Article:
J.P. Stevens was the 65th-ranked public high school in New Jersey out of 322 schools statewide, in New Jersey Monthly magazine's September 2010 cover story on the state's "Top Public High Schools", after being ranked 52nd in 2008 out of 316 schools. Edison High School was ranked 169th in 2010 and 177th in 2008.[39]

Middlesex County College

Middlesex County College (or MCC) is a public, two-year community college located in Edison at the intersection of Woodbridge Avenue and Mill Road.

Rutgers University

Rutgers University's Livingston campus is located on the former Kilmer Army Base, partially located in Edison.

Other schools/private schools

Middlesex County College is also home to the Middlesex County Academy for Science, Mathematics, and Engineering Technologies, an engineering-based high school, which is part of the Middlesex County Vocational and Technical High Schools. The high school is free for all Middlesex County residents, but admission is based on a test, past grades, and other academic and extracurricular activities. About 160 students, 40 per grade from around the county attend the Academy.

There are many private schools in Edison, including the Wardlaw-Hartridge School, Bishop George Ahr High School, Rabbi Jacob Joseph School, Yeshiva Shaarei Tzion, Rabbi Pesach Raymon Yeshiva, St. Helena School, St. Matthew School, Lakeview School and Our Lady Of Peace School. Additionally, the private for-profit technical school Lincoln Tech (formerly the Cittone Institute) has a campus on Oak Tree Road in Edison. Lincoln Tech in Edison offers various programs in Nursing, Medical and Computer and Networking.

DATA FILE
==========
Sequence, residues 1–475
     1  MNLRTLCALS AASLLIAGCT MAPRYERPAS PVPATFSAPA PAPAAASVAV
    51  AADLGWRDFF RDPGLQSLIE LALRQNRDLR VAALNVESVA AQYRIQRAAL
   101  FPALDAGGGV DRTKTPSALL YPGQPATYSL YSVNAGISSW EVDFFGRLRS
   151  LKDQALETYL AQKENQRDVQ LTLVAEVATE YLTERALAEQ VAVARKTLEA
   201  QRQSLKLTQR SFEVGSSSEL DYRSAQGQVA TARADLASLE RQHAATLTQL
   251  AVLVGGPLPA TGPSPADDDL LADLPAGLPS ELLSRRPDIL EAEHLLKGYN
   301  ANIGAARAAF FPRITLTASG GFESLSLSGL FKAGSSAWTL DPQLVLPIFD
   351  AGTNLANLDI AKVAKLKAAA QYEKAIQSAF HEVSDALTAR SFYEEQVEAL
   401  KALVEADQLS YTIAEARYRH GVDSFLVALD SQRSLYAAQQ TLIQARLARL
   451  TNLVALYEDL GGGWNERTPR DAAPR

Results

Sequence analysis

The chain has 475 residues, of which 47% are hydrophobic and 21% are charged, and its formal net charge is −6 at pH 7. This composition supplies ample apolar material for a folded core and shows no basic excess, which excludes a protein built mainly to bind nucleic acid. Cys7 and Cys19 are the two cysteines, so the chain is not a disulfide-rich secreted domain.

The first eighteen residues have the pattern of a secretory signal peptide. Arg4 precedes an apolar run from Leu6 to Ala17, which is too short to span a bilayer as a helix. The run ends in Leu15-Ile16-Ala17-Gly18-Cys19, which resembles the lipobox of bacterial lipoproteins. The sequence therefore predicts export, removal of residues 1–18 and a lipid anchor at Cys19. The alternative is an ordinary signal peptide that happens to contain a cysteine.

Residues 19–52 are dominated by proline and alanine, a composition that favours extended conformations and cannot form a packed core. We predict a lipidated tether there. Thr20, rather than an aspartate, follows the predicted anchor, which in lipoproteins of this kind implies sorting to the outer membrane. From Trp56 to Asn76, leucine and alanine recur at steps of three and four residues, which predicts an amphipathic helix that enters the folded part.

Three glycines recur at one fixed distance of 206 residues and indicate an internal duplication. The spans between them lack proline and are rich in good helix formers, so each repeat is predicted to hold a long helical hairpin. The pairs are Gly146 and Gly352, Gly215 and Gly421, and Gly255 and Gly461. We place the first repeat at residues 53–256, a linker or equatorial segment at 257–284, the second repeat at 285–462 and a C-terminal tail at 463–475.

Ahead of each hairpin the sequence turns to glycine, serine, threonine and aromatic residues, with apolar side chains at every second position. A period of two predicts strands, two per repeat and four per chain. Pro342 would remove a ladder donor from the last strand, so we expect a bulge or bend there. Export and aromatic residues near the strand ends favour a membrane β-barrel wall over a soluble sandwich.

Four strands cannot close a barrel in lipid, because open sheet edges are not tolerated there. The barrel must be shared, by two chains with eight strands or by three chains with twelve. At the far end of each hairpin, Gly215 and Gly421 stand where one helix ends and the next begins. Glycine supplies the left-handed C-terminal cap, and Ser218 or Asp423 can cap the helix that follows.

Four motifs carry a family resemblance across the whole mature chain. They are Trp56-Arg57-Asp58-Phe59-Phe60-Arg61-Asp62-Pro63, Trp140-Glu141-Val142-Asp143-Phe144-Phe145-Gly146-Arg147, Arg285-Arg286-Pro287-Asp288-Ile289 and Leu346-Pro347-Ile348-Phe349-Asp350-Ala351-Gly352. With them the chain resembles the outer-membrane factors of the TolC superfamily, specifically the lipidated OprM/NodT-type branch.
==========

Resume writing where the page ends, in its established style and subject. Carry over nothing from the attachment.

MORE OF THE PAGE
In Edison the sizable Asian/Chinese population had pushed for years to establish a Chinese School where students could learn the Chinese language. In 1998, Huaxia Edison Chinese School (which teaches Simplified Chinese) was established in Thomas Jefferson Middle School. Huaxia currently resides in Edison High School. However, many families from Taiwan send their children to Edison Chinese School, located at John Adams Middle School, or Tzu Chi, located at Woodrow Wilson Middle School. These schools both teach Traditional Chinese. JP Stevens High School also offers Hindi as an elective language for students that are interested in learning it.

Notable residents

Notable current and former residents of Edison Township include:

Notable places

  • Udipi Sri Krishna Temple housing First Mrithika Brindavana of Guru Raghavendra[54] is a Hindu temple on May Street
  • Bochasanwasi Shri Akshar Purushottam Swaminarayan Sanstha (BAPS) has a Hindu temple on Woodbridge Avenue
  • Bonhamtown, a neighborhood which is the site of an old Native American village and later a Continental Army camp and battleground during the Revolutionary War.
  • Camp Kilmer, a World War II era army post, was partially located in what is now Edison.
  • The Clara Barton downtown area.
  • Dismal Swamp, preserved wetlands area.
  • Durham Woods, a complex of several apartment buildings and scene of the Durham Woods Fire in 1994